Thursday, October 25, 2012

The Republican Imperium

Steven Johnston
Neal A. Maxwell Chair in Political Theory, Public Policy, and Public Service, University of Utah

Mitt Romney, Paul Ryan, and the Republican Party represent not just a disturbing, destructive social and political movement; they also pose a threat to the very ideas of democracy and democratic government. This can be seen (it’s not as if they work hard or consistently to hide it) in two distinct, if also ultimately related ways. 

First, Republicans have been orchestrating a nationwide campaign to suppress voter turnout. Invoking the possibility of voter fraud, their own fabrication masquerading as a cause, the GOP has managed to pass numerous voter identification laws, especially in battleground states, to disenfranchise American citizens. The identification requirement, supposedly neutral, discriminates against the poor, elderly, young, and minorities, all of whom tend to vote Democratic. Republicans have also been purging election rosters of eligible voters (claiming citizens to be noncitizens), curtailing early voting periods, sanctioning voter registration campaigns with criminal penalties for the smallest of clerical errors, and whatever else they can think of to depress Democratic turnout. In moments of candor, they publicly admit these electoral measures are designed to produce one result: the election of Mitt Romney. Furious at the presidential election result four years ago, the GOP targeted for suppression groups critical to Obama’s victory. The GOP also has at its disposal electoral vigilantes (True the Vote) who plan to harass and intimidate voters at the polls, effectively forcing or keeping them at home. The 2012 election could well produce an illegitimate president, a Republican who holds office by virtue of crimes against democracy. The GOP is utterly indifferent to such a possible outcome, believing that it and only it has a right to rule in the United States. This conviction, rooted in a sense of superiority, patriotism, and truth, informs another feature of Republican conduct dominant these last four years: a “politics” of total obstruction, even destruction, no matter the social or economic cost, of an African-American president they loathe. A minority party, the GOP acts as if it has a mandate to rule. Remarkably, Republicans believed from the start that there would be no political cost to their sabotage insofar as they also believed the American voter would ultimately hold Obama responsible for the wreckage they produced. Republicans, in short, indulge an ugly form of political entitlement, namely, that they can commandeer a system to produce their desired outcomes, which, by definition, are the right outcomes. The presumption of political entitlement matches their sense of social and economic entitlement, deploying the vast resources of the state (subsidies, tax breaks, etc.) to enrich themselves—again, no matter the cost to others.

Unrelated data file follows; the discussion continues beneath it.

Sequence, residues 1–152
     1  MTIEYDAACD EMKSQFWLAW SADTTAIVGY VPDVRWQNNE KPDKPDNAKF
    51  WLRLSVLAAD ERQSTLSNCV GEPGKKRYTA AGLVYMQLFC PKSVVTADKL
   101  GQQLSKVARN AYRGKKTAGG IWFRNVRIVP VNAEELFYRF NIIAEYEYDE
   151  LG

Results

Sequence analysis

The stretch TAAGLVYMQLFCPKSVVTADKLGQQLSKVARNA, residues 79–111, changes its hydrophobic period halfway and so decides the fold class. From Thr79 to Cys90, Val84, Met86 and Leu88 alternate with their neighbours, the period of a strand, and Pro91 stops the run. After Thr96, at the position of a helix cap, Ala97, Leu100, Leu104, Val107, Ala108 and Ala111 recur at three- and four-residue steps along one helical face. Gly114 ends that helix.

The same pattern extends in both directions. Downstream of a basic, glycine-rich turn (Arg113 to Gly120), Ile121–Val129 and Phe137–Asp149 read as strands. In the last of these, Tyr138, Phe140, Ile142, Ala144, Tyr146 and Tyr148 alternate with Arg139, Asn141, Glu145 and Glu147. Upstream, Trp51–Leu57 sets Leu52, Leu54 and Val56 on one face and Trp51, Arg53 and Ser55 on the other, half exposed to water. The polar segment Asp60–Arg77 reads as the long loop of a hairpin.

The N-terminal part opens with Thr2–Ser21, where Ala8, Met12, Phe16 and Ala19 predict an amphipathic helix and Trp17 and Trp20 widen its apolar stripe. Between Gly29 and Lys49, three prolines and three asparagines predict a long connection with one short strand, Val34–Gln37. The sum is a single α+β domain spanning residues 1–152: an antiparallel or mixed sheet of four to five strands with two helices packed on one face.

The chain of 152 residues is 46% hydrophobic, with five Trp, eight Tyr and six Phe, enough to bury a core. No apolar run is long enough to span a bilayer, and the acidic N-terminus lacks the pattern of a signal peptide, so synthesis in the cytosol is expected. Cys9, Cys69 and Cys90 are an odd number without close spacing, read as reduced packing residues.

This brings me to the second source of the threat the GOP poses to the very idea of democracy. To many observers of American politics, Republican machinations may seem excessive but nothing more. Yet the GOP conducts itself domestically much like European imperialism conducted itself in the heyday of Western colonization in Africa and the Middle East. The latter ignored the natives of the lands it conquered, unwilling and unable to see them or the ways of life they had cultivate for generations. Europeans would treat natives as effectively invisible and proceed to remake (read: steal, exploit) the country in their own grand image. The dominant motif of the Romney-Ryan campaign, similarly, is, “We can rebuild it.” This claim presumes and professes a sense of overwhelming power, a power capable of removing any obstacles in its path. The power is so fantastic that Romney believes his mere election will result in economic revival. He doesn’t actually have to do anything to spur renewal. His mere status as President suffices. The claim also suggests that nothing meaningful or valuable (no institution, organization, party, program, or policy) stands in the way of rebuilding, certainly nothing Republicans can see. They are thus free to dismantle the social safety system and network of public institutions that tens of millions of hard-working citizens built across generations and earned, through blood, sweat, and tears, the right to enjoy. It would afford a modicum of protection against the regular, predictable ravages of an economic system the GOP would like to unleash on them. Accordingly, when Romney talks about “getting government out of the way,” this does not mean freeing economic actors to create jobs; they can do that already. It means leaving tens of millions of people exposed and vulnerable to the inevitable depredations of an economic and political system designed to concentrate wealth and power in fewer and fewer hands—hence the pathological hatred of unions, whether public or private, and the drive to eradicate them from American life. Opposition, let alone resistance, cannot be tolerated.